Revival and Invention: Sculpture through its Material Histories
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Materials may seem to be sculpture’s most obvious aspect. Traditionally seen as a means to an end, and frequently studied in terms of technical procedures, their intrinsic meaning often remains unquestioned. Yet materials comprise a field rich in meaning, bringing into play a wide range of issues crucial to our understanding of sculpture. This book places materials at the centre of our approach to sculpture, examining their symbolic and aesthetic language, their abstract and philosophical associations, and the ways in which they reveal the political, economic and social contexts of sculptural practice. Spanning a chronology from antiquity through to the end of the nineteenth century, the essays collected in this book uncover material properties as fundamental to artistic intentionality.
real drapery, but whose heads and limbs were of shimmering white marbles.27 Sculptors like Pheidias and Leochares worked in both modes, akrolithic and chryselephantine. The taste for akroliths, or statues in mixed marbles, continued unabated into the Roman era, with the finest white marbles like Parian once again substituting the ivory of the earlier statues. A number of these survive, many of colossal dimensions and clearly inspired by Greek originals or made by Greek sculptors: for example,
both ‘responds’ and ‘corresponds’ (that is both ‘answers’ and ‘matches’); imago can mean both ‘ef figy’ and ‘likeness’. Lygdus = Parian. 59 Getty Aphrodite: 2.2 m high, Poros limestone and Parian marble, pigment traces on limestone, stolen from Morgantina in Sicily and now (2009) in the process of restitution: Clemente Marconi, ‘Una dea da Morgantina a Malibu’, Kalós. Arte in Sicilia (2) 2007, pp. 4–9, who supports an identification with Persephone. For the provenance and lithotypes: Summary of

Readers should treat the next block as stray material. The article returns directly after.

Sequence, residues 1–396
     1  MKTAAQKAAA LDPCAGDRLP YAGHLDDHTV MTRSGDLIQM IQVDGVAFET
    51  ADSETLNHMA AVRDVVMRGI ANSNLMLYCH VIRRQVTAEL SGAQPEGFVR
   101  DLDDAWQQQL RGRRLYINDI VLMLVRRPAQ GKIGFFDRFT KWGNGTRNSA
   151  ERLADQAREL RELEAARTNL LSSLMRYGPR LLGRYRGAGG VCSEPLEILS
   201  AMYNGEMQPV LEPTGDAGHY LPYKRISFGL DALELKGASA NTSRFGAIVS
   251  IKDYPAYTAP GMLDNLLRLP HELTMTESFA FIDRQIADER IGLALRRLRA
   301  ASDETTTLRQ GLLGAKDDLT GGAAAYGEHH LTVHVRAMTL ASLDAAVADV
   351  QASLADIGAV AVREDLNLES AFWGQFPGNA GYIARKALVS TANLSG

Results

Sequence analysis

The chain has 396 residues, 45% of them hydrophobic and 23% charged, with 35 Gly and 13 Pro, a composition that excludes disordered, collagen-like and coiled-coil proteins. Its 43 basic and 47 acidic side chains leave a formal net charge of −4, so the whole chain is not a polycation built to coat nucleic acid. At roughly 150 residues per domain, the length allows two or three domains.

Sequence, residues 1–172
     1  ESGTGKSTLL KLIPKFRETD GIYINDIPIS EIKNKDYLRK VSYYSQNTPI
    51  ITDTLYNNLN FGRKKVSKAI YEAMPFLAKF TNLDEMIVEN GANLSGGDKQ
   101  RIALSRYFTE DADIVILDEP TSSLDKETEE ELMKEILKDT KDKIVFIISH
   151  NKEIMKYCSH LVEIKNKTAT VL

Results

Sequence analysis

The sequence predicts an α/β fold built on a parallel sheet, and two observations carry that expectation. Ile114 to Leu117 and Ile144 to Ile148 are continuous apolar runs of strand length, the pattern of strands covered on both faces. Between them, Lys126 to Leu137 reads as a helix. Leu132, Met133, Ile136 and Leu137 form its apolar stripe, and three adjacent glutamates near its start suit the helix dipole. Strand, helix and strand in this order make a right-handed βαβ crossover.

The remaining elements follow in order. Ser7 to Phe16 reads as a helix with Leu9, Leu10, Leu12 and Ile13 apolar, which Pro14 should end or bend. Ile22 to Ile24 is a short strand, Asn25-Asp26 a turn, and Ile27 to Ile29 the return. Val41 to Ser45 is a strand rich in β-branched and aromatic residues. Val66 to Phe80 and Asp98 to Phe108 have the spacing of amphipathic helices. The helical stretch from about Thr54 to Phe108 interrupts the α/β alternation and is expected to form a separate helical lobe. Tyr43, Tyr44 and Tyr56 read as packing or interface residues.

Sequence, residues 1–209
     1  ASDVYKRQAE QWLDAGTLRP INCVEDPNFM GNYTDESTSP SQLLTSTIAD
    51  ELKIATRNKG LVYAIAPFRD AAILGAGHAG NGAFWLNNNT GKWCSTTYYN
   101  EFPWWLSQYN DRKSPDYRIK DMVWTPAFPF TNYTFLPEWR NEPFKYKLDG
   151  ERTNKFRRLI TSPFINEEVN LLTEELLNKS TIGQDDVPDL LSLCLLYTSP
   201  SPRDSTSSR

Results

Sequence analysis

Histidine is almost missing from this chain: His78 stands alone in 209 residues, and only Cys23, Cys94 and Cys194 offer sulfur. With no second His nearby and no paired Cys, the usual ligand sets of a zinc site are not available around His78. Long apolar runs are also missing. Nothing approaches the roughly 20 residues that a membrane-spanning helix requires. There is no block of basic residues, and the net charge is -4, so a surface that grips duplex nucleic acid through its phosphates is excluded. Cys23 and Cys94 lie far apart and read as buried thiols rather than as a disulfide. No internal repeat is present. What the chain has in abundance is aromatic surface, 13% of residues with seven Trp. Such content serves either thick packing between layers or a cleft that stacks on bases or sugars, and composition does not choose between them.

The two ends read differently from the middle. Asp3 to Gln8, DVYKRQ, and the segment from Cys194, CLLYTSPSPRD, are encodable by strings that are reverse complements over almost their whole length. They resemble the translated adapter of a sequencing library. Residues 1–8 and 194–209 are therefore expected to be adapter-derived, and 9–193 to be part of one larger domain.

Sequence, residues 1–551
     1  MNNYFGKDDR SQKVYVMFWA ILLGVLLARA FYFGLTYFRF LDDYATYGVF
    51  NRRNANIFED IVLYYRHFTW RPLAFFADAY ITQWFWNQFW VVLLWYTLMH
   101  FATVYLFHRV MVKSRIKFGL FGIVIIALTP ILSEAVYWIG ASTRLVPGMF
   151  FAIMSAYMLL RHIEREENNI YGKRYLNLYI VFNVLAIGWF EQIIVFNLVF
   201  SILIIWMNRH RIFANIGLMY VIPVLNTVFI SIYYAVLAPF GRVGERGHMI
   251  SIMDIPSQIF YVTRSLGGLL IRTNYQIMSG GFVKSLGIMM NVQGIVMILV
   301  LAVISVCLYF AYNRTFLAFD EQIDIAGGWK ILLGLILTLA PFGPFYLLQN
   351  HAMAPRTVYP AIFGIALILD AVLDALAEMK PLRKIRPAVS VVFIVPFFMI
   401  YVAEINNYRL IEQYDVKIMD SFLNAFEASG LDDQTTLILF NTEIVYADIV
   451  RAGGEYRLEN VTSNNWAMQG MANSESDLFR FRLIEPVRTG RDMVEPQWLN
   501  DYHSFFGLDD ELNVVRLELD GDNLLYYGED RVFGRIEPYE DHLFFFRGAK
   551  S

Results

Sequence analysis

Fabio Barry oijkiva tou� Parivou): Denys L. Page, Greek Literary Papyri, 2 vols, London: 75 76 77 78 79 80 W. Heinemann, 1942, vol. 1, pp. 472–73. The Alcmaeonids rebuilt the temple of Apollo at Delphi ‘more splendidly than the plans of the architect showed [and] whereas the building was to be of local stone, they carried out the frontal elevation in Parian marble’ (548 BC; Herodotus 5.62). Suet., Aug. 94.4–5, 70.1; Hor., Carm. 4.2; 4.5. Propertius 2.31.1–3, 9–12; Velleius Paterculus
of known examples. For the association of the wax image with the marvelous art of miniaturisation, see Goettler, ‘Wachs und Interdisziplinarität’, pp. 147–48. As noted above, n. 25, according to Vivio’s biographer Salvatore Massonio, the Roman senate wanted to display his relief on the Campidoglio as one of the ‘marvels’ of Rome. Matter Without Qualities? Wax in Giacomo Vivio’s Discorso of 1590 119 5.1. Ambrogio Brambilla, Il vero ritratto della mirabil’opera di basso rilievo di cera
which is modelling the bodies in relief in clay’ (‘Non basta allo scultore disegnare semplicemente, ma gli conviene inoltrarsi in maggiore fatica che è il modellare di terra li corpi di rilievo’). Later, he simply stated that: ‘modelling is only imitating relief with relief ’ (‘modellare non è altro che imitare il rilievo col rilievo’).16 Given the relatively small number of examples that have survived, and the lack of eye-witness accounts of the techniques used by sculptors, we are unable to